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S e r v i n g t h e C o m m u n i t i e s o f M o r r o B ay a n d C ay u c o s










2 • November 2021 • Morro Bay Life

Making Communities Better Through Print™


Hayley & Nicholas Mattson



Community Writer Camille DeVaul Melissa Guerra


Jen Rodman

The best and most beautiful things in the world cannot be seen or even touched—they must be felt with the heart.

Ad Consultant Dana McGraw Jessica Segal


Cami Martin

CONTRIBUTORS Bonnie Plants James Brescia, Ed.D Neil Farrell Sarah Santana Valentina Petrova Contact Us 805.466.2585

Visit our website! morro bay life is published monthly. all rights reserved , material may not be reprinted without written consent from the publisher . morro bay life made every effort to maintain the accuracy of information presented in this publication , but assumes no responsibility for errors , changes or omissions . morro bay life is a product of 13 stars media .

~ Hellen Keller


s we look back over the last 20 months, as hard as it has been, there is so much to be grateful for. Many lessons may have been missed had it not been for the pandemic stopping us in our tracks and the universe asking us to take a moment and pause. A focus on good health is essential in our lives; daily exercise, organic foods, water, and meditation heal the soul and spirit, allowing us to hear the needs within. Living on the Central Coast, we have no shortage of places we can go to rejuvenate, with long walks on the beach and multiple hiking and biking trails. This time of year, we take time to reflect on all we have to be grateful for. In November, we honor the sacrifice of so many local men and women who have served our country. We extend a deep appreciation to all Veterans for

A reverse mortgage loan could help you live more comfortably. Reverse mortgage loans may not be for everyone, but they are better than ever—with reduced origination costs and restructured principle limits designed to preserve more of your equity for the future. If you’ve considered reverse mortgages in the past, you owe it to yourself to speak to an experienced professional to see if this innovative, updated financial product is now a good fit for your circumstances.

their service and are so grateful for their dedicated commitment to fighting for our freedom. This month Neil Ferrell gives us an update on the new motels that have broken ground. The 30th Annual Cayucos Car Show is set for Nov. 6, and Camille DeVaul tells the heartwarming story of the Mighty Oaks Warrior Program. As 2021 comes to an end, we are deeply grateful for all the local businesses who continue to advertise, as well as all our community members who read and share our publications. Be sure to tell these locally owned businesses that you saw them in Morro Bay Life and thank them for bringing you all the community’s stories. Our company is growing, and for that, we are truly grateful. This month we added a new local publication to our media family, the Central Coast Journal. Tom and Julie Meinhold stew-

arded the iconic magazine for years, and we are honored to carry on the over 25-year-old legacy. We could not do any of this without our incredible team of professionals and are looking forward to what comes next. From all of us here at 13 Stars Media, we wish you a very happy and healthy Thanksgiving. Please stay safe, share love, and be a good human. We hope you enjoy this month’s issue of Morro Bay Life. Much love, Hayley & N ic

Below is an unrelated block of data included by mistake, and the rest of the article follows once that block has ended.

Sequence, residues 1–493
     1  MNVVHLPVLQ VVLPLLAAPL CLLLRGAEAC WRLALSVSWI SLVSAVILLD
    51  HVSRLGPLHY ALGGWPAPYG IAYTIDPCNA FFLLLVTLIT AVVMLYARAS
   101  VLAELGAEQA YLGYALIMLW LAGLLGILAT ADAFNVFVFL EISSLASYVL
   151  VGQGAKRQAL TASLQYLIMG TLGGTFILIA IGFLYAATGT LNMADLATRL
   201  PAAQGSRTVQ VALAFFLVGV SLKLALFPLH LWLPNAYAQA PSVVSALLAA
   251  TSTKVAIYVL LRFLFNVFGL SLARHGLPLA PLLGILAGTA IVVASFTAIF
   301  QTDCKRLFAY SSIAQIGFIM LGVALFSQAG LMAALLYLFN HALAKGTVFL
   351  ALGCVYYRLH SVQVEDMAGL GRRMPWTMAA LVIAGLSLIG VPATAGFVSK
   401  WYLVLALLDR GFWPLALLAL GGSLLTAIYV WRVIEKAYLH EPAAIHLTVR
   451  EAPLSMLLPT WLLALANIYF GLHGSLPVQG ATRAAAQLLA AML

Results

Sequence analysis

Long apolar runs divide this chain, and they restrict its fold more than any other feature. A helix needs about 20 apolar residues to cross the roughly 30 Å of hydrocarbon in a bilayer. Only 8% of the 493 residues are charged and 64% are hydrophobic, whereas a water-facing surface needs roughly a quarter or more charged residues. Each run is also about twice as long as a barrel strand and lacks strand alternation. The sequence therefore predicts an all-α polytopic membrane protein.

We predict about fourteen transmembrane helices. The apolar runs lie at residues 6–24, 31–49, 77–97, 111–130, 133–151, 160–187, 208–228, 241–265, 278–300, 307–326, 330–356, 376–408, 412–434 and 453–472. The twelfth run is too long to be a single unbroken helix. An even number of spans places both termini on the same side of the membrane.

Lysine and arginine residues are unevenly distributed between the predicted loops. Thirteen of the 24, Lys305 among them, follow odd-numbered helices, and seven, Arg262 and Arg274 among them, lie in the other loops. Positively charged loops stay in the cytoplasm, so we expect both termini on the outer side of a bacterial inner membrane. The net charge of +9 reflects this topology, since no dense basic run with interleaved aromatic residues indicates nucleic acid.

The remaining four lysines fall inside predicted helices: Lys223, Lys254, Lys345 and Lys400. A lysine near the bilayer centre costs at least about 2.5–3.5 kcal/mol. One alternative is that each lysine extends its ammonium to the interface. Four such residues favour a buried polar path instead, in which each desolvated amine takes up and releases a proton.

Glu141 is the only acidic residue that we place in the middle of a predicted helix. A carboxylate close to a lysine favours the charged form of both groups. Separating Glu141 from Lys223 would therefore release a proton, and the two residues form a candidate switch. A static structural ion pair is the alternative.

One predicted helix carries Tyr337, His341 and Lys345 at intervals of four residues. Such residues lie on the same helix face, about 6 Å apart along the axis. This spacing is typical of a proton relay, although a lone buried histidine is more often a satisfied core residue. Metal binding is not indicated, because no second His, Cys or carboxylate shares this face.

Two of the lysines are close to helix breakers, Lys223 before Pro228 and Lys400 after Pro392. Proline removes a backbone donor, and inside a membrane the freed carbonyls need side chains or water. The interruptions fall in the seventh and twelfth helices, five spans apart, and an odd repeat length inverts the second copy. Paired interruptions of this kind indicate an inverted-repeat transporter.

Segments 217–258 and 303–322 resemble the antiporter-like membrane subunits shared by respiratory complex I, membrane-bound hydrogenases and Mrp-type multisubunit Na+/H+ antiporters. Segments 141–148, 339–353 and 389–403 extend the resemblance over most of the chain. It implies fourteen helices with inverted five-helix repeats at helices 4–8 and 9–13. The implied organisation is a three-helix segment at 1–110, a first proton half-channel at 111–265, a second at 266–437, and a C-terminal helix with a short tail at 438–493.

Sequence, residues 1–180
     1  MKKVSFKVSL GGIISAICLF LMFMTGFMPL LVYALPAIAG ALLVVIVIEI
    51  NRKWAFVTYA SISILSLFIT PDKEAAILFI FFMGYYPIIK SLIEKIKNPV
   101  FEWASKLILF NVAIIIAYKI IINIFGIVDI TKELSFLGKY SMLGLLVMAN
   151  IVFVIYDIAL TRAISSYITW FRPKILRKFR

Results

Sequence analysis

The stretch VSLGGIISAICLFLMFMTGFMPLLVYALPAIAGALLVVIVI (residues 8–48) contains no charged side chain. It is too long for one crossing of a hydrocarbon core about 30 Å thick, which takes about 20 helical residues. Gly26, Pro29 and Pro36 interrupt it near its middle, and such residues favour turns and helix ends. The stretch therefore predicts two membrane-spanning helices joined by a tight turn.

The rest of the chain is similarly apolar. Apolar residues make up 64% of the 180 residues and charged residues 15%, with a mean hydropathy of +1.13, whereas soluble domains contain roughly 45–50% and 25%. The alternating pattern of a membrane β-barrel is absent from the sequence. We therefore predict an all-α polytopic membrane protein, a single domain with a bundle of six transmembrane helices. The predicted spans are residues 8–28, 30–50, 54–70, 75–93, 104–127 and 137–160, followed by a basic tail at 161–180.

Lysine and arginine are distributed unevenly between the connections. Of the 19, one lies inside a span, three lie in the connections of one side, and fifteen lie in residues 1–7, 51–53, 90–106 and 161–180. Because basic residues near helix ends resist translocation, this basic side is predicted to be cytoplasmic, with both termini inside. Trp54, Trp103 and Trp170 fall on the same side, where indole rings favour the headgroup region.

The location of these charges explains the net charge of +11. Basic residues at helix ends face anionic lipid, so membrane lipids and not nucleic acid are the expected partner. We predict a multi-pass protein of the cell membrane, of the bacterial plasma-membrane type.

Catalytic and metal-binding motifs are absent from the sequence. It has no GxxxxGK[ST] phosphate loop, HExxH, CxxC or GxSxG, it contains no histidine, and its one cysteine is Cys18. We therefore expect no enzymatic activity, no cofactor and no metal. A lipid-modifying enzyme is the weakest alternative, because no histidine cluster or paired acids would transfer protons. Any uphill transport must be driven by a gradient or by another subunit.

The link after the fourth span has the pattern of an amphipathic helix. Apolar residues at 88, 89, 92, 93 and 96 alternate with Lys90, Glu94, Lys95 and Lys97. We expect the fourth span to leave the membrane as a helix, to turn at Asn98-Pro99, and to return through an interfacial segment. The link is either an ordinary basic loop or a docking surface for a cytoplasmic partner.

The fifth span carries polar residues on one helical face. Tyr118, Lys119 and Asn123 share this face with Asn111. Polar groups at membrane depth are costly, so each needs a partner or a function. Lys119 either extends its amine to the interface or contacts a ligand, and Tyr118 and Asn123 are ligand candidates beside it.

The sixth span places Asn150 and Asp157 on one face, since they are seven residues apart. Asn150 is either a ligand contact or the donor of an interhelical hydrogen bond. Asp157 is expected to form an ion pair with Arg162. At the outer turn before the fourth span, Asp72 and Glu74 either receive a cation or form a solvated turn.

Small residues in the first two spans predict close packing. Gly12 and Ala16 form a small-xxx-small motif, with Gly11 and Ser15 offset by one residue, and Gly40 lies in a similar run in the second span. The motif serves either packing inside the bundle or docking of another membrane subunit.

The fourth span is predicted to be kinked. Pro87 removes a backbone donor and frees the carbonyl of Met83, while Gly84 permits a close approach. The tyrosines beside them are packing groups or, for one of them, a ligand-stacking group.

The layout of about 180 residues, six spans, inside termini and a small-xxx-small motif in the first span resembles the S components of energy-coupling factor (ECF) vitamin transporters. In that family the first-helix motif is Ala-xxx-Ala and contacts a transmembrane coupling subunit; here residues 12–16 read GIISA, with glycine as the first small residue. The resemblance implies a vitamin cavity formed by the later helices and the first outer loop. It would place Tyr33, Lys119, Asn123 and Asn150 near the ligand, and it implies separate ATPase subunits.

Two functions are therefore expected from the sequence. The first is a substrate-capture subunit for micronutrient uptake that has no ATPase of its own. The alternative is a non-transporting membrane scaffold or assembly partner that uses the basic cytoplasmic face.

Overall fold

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Morro Bay Life • November 2021 • 3

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congratulations Putting a Spotlight on Businesses The Morro Bay Chamber of Commerce is putting a spotlight on local businesses who are working hard and adapting to the ever-changing environment. Spotlight Businesses are nominated and selected by fellow business owners in Morro Bay as a standout business with exceptional ownership.

If you know of a business or non-profit that deserves a spotlight, please send your nomination to our Ambassador’s Committee for review by emailing Lynsey Hansen at

Business spotlights recognize Chamber member businesses that provide a consistent, positive customer experience, are actively engaged in the community and demonstrate resilience during challenging times. This month we’re highlighting four businesses that have proven to be good role models for how to keep employees and customers safe during the pandemic, and have gone to extraordinary measures to keep their doors open.

Please help us CONGRATULATE these businesses on their spotlight award by visiting their establishments, purchasing their products or services, and leaving good reviews online.

Shop Local, Shop Small Business Everyday!

happy holiday shopping

With the shopping season fast approaching, the Morro Bay Chamber of Commerce has YOU covered. Follow us for the most comprehensive shopping list around. We have ideas for everyone on your list whether it’s the special someone in your life, your wine and art lovers, and everyone in between. Follow us on social media now until the end of December. We are thinking outside the box and finding the best places to shop for all. Don’t forget to shop fresh by shopping local this Thanksgiving. Morro Bay has a plethora of delicious options like Morro Bay Butcher and Deli, Avocado Shack and Sunshine Health Foods. Mash two potatoes with one fork; stop by the Main Street Farmers Market to see local vendors and start your holiday shopping!